survivors of such catastrophes have to deny the experience of the witness's
erasure or death (i.e. the witness within themselves is destroyed) in order
to go on living. That means in essence that the survivors have to deny the
very catastrophe they have lived through. Nichanian said, `This denial has
nothing to do with the denial of the perpetrator. It is a self- denial. You
know that the Armenians never use the word `Aghet' but they use the word
`genocide,' as if it were enough to name the event itself as a fact for it
to be what it is.'

Nichanian briefly noted that Armenians have a passion for the image, not
only as photographers, but also as novelists (e.g. Shahnur, Vorpuni and
Beledian). However, Nichanian avoided dealing with this issue during this
lecture.

Finally, Nichanian turned to the work of Maurice Blanchot in the 1940s and
1950s. Blanchot was a writer and literary theorist whose work almost
obsessed Jacques Derrida, the French-Jewish philosopher and founder of the
theory called deconstruction. In 1955, in *L'espace literaire* [`The
Literary Space'], Blanchot referred thrice to the image. He wrote that in
literature, language was its own image. Secondly, the strangeness of the
cadaver is that of image. When the person was alive he was always changing,
but the cadaver no longer changes and so is the perfect image of the person.
Thirdly, once a utensil is damaged it becomes its own image; no longer
disappearing in its use, it remains pure appearance.

Nichanian felt that the temporal structure of the catastrophe is illustrated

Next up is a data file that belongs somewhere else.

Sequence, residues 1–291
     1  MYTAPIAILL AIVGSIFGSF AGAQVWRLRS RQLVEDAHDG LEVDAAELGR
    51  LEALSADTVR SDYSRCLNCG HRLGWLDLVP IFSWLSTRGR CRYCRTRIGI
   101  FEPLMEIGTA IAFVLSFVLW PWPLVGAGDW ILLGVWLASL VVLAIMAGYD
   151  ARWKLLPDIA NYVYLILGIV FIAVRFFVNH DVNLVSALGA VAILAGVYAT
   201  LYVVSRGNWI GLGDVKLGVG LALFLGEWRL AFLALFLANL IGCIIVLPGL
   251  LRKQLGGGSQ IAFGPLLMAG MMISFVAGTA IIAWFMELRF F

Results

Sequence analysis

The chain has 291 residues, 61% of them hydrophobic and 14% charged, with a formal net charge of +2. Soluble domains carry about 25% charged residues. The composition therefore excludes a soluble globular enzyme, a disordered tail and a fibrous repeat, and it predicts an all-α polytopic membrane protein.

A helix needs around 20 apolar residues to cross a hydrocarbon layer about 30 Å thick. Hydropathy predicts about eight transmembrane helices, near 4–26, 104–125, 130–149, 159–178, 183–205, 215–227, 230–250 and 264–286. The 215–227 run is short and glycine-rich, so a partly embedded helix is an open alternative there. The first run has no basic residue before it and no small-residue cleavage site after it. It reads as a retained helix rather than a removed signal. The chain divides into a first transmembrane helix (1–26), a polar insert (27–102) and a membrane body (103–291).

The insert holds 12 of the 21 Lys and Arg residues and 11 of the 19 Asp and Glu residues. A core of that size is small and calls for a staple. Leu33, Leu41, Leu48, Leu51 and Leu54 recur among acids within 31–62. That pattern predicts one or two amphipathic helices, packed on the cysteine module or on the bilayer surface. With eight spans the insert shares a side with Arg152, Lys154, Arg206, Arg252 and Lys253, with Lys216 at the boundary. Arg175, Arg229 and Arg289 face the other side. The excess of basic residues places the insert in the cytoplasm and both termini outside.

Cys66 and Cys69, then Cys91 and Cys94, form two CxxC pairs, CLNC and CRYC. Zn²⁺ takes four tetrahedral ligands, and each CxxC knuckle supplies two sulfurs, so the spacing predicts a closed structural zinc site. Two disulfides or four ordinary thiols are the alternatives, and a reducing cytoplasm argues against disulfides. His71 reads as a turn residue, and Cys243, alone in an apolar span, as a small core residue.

in Blanchot's novel, *Death Sentence*. In the first part of the book, the
woman Natalie's death is interrupted, and she gets to live on one more day.
Catastrophe is similarly living with us but has not yet happened. It will
happen in the future as a past event. Denialists and historians obey the
call of the perpetrator and of history by calling for the impossible -
testimony and images. In those who survived the catastrophe, the aspect of
them that is the witness died as a result of the catastrophe. This is
reflected in Blanchot's Madness of the Day, in which a character loses his
sight but survives an accident. He is repeatedly examined about what
happened, but recounting his story would not reveal anything since
everything had long since been revealed. The character could not form a
story out of the events.

The insistence of the doctors asking the survivor of the accident to give an
account of the event that is similar to historians who ask Armenian
survivors to give an accounting of their own catastrophe and this creates a
`historiographical perversion.' The truth of the facts is an historical
truth, but this is an impossibility in the case of what most of us call the
Armenian Genocide. Nichanian feels that art and literature can find a
creative way to turn the perfect, because `dead,' image of the event (i.e.
the testimony about the catastrophe), into something live and worthwhile.

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2. Searching for Our Place in History

*By Edmond Y. Azadian*

Almost a full century after the Genocide and 20 years after Armenia's
independence, Armenians around the world have been exploring the means to
meet the challenges of history.

Through a carefully-planned agenda, with far-reaching consequences, the
perpetrators of the Genocide have done such a thorough job that the
survivors and their succeeding generations have not been able to regroup and
develop a national ideology and a comprehensive policy to live as a modern
nation in these most turbulent times.

In recent months and years, several ideas and projects have been offered,
discussed and - inconsequentially left in limbo. All these movements seem
healthy signs of survival and only history will decide whether they are
viable endeavors or some steps that are too late and too little.

Some of the initiatives have come from Armenia and others are generated in
the diaspora.

One such initiative was the principle of dual citizenship, which the